Long story short, Mario Kart games also have metas of their own. (Doh!)
For those unfamiliar with the term, “meta” is a shorthand for “meta game”, meaning anything relating to how the game is played, yet not directly part of it. In most contexts this is referred as “the meta” to mean “the best strategy right now”. The term is commonly used for multiplayer strategy games. They tend to offer lots of different possible characters, items, strategies, and a couple of those will prevail over time and become the thing that’s generally the best.
This also happens, in a way, with games like Mario Kart. There may not be very much strategic depth, and items are more focussed on generating a rubber-band effect (allowing for those who have fallen behind to make an easy comeback), but there’s still a meta of sorts. And I’m not even talking about the karts best suited to most tracks, I’m talking mechanics here.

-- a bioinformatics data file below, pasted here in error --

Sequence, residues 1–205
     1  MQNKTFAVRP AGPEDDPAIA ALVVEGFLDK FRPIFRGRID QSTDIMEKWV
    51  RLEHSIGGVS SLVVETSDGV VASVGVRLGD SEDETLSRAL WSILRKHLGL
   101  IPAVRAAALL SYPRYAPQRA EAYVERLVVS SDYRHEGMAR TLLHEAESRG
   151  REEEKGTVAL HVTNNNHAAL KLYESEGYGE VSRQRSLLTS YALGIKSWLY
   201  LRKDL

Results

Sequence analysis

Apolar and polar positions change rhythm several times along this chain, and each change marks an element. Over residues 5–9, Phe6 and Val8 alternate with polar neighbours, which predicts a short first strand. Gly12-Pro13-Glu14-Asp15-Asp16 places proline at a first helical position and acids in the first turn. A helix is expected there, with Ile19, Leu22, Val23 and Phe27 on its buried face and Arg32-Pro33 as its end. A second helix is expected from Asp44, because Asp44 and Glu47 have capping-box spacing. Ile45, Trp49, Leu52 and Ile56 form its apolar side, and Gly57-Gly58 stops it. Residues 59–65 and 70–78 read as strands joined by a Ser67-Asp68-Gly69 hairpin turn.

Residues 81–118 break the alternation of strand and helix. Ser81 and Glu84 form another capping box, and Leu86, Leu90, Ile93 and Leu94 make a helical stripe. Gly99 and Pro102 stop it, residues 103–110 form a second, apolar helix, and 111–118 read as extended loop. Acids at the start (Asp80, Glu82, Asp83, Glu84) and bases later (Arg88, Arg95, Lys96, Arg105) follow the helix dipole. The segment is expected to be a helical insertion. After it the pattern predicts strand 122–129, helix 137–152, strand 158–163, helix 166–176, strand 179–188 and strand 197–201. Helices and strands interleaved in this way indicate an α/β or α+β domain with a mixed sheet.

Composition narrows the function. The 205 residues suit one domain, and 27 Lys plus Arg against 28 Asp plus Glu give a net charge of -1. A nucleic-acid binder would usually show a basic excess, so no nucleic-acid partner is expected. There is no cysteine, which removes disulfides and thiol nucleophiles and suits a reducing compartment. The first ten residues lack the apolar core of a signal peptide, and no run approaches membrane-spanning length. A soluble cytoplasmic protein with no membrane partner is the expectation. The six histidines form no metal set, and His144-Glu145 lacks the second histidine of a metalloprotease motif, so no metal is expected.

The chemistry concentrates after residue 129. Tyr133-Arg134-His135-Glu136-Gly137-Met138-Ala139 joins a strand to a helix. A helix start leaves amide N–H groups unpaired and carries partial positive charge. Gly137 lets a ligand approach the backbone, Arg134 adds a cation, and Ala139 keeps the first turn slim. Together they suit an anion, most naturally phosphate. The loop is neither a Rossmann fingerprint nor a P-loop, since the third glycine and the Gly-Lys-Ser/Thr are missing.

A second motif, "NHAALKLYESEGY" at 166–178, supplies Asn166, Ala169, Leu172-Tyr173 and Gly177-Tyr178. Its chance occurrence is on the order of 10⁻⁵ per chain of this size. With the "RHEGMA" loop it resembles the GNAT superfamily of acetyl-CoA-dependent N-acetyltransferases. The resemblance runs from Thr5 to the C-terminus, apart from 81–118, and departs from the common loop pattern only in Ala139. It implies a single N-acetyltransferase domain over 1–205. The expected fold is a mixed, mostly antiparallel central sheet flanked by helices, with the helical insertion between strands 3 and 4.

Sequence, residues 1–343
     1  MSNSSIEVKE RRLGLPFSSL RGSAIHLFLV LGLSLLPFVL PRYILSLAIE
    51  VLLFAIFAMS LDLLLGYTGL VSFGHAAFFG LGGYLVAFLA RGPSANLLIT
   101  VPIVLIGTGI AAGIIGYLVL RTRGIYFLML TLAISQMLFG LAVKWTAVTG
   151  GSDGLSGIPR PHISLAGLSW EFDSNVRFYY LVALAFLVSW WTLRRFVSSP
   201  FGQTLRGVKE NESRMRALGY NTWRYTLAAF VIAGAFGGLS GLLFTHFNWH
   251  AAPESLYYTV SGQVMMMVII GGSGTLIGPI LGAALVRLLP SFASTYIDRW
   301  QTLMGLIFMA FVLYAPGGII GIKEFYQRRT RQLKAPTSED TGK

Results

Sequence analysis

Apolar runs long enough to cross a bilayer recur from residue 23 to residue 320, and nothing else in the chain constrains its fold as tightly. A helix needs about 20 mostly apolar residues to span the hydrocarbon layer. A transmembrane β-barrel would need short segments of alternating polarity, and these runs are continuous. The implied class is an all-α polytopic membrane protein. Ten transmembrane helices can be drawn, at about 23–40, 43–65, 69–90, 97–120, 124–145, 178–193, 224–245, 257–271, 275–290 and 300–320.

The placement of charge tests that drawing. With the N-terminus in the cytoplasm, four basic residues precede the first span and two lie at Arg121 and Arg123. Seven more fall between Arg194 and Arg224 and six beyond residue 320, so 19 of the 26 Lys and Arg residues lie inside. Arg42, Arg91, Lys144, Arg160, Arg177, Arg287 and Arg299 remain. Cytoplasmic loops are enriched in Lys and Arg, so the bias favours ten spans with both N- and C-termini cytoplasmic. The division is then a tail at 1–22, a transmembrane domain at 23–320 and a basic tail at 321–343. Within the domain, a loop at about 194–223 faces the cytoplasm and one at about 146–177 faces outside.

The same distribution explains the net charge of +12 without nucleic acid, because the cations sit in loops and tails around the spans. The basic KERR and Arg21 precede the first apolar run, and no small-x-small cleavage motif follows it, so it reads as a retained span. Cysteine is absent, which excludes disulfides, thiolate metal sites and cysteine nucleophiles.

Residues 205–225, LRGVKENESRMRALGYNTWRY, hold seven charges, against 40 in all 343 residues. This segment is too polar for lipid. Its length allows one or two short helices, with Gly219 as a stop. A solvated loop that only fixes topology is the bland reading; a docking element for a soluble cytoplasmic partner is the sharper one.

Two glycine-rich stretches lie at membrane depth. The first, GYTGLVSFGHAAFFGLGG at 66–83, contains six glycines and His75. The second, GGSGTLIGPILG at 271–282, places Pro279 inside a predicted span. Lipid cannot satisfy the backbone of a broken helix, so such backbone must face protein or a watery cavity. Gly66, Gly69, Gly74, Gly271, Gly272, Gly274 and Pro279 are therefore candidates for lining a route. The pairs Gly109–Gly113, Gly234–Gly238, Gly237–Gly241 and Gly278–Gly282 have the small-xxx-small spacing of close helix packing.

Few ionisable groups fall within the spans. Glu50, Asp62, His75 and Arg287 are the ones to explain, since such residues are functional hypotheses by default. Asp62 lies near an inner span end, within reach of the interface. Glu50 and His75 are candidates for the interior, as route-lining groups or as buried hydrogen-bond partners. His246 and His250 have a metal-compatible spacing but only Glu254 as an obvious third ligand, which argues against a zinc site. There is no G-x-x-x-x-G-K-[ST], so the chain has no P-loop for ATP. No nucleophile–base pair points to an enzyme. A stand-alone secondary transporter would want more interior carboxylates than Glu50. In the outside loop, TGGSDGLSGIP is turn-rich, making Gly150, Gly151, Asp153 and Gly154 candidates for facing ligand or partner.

Some time after Mario Kart DS’s release, people discovered a technique that got dubbed “snaking”. It essentially “abused” a speed boost mechanic enabling skilled players to get a periodic speed increase, even on straight parts of tracks. As more and more people discovered this technique, the avid WiFi players picked it up as well. Soon, it became really hard if not impossible to win an online cup unless you also hopped aboard the “snaking” bandwagon. It had become a defining aspect of MK DS’s meta.
In conclusion, “the meta” isn’t just in characters or items, but can also be in mechanics, techniques and other “indirect” gameplay elements.